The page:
Jolla phone uses BTRFS, not sure which compression though.
Originally Posted by mercutio
i did it with /usr/bin/clang too much was my biggest executable in /usr/bin and clang gave better compression. we don't have any real times, because btrfs isn't in mainline kernel yet and grub doesn't support it yet.
Originally Posted by erendorn
compilation times seem to be close enough to not care about between different filesystems. (ext4, btrfs with lzo compression, zfs with lz4 compression)
boot times don't really matter too. what seems to matter, is how much it slows your system down when doing lots of io, where btrfs either has bugs or compression overheads.
Last edited by mercutio; 02-01-2014 at 05:19 PM.
Originally Posted by mercutio
err btrfs with lz4 i meant.
Originally Posted by GreatEmerald
This perspective is coming from someone using ZFS but all of the features of these file systems are definitely applicable to home users. (I'm pretty sure btrfs has most of these same features but syntax is different)
Originally Posted by Prescience500
On disk compression results in improved performance and less space used.
Snapshots mean you could snapshot your system before you let your mom on the computer and after she pollutes your browser history with pinterest, aol email and browser toolbars, you could restore back to the snapshot.
You can also use snapshots to restore computer after a hardware failure. I needed to rebuild the zfs pool on my desktop a while back to switch drive layout and to back it up I did a zfs send/recv to my nas, rebuilt the pool and then zfs send/recv back to the desktop to restore my exact system.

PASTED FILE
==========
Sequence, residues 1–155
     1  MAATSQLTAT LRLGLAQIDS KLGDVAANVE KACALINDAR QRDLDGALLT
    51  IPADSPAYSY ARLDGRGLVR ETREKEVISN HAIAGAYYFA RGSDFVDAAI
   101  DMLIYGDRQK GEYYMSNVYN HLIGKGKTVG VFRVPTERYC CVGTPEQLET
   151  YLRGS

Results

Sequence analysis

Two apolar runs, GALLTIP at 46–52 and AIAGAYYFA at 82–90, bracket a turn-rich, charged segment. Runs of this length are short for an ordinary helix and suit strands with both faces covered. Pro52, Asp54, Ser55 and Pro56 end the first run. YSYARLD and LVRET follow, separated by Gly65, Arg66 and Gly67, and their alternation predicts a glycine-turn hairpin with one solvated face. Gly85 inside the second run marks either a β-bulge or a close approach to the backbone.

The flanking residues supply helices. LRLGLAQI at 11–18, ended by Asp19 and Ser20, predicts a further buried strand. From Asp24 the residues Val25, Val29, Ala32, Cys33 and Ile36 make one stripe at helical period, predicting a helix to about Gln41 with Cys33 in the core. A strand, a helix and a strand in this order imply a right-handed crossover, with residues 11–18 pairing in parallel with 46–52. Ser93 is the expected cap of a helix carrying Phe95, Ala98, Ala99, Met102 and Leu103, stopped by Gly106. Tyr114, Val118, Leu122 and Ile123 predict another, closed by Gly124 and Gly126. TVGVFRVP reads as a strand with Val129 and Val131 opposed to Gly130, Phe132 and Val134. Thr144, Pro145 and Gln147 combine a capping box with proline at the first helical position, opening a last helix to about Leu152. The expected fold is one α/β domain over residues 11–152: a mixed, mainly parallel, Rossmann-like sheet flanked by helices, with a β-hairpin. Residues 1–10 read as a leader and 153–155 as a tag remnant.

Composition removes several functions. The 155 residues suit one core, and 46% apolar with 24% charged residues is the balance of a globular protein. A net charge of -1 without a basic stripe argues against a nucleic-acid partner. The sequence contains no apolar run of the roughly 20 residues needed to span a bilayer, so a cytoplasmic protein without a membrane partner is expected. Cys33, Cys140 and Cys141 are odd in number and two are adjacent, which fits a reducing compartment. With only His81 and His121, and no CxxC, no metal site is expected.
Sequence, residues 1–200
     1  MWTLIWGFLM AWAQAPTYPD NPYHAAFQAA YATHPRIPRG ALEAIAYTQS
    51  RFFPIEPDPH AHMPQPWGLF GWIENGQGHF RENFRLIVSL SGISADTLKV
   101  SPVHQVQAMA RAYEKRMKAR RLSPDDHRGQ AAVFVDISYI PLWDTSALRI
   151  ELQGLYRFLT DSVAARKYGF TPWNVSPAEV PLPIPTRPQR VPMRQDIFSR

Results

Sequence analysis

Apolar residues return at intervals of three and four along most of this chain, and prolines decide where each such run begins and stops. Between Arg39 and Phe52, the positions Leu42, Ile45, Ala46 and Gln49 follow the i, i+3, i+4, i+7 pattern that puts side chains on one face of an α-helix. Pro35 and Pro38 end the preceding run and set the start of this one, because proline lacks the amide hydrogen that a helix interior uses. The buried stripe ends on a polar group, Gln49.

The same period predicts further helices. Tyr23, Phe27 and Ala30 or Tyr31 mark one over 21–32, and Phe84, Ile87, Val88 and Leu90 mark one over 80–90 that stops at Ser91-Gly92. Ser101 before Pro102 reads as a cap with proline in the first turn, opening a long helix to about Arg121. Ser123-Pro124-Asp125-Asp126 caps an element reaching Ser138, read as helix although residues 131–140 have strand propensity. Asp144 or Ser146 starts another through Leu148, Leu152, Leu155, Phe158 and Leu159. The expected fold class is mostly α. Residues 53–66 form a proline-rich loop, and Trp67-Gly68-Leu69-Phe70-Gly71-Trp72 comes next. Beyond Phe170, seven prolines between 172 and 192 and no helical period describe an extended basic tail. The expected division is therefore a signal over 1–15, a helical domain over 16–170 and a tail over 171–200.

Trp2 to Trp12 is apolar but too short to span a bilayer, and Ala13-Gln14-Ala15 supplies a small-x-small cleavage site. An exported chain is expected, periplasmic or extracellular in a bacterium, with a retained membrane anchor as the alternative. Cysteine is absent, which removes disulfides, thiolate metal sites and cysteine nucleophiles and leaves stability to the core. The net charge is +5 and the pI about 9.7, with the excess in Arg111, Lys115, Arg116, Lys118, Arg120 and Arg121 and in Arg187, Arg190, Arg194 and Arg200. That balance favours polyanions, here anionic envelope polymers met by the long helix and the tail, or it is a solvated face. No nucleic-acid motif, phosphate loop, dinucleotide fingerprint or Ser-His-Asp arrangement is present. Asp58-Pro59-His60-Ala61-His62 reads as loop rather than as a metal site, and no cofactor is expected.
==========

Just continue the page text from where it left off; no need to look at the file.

Then checksums ensures that everything is perfectly preserved. In some cases it can give you an early warning that a drive is dying and in others, it can prevent movies/pictures of loved ones from corrupting.
Then, folder mount points on ZFS also make for extremely easy migration from distro to distro. As an example of this, You can install a secondary OS alongside another and switch from one to the other while maintaining all files from the old install without juggling partitions. Just leave entire drive as ZFS:
zfs create pool/OS -o mountpoint=none
zfs create pool/OS/Arch -o mountpoint=/
zfs set mountpoint=/pool pool
zpool set bootfs=pool/OS/Arch pool
Then lets say you didn't like arch and wanted to use gentoo instead. All you would have to do is:
zfs set mountpoint=/backup pool/OS/Arch
zfs create pool/OS/Gentoo -o mountpoint=/
zpool set bootfs=pool/OS/Gentoo pool
This would switch your install to Gentoo while keeping your entire arch install intact. You could switch back if needed or copy the needed files over and then delete it. You could also do this with your home directory to just directly mount your arch home directory into your gentoo install in the exact same spot without needing to copy files over.
Also, in regards to your performance concern, a ZFS raid on more than 2 disks (e.g. a raid 5,6,10) outperforms ext4 + mdadm in virtually all cases, zfs also outperforms ext4 + mdadm on a raid 1/0 in multiuser configs (like a server serving files to 5+ clients at once). And that is in just a basic, no frills configuration. With ZFS, you can turn on compression and add SSD caches to make that even faster.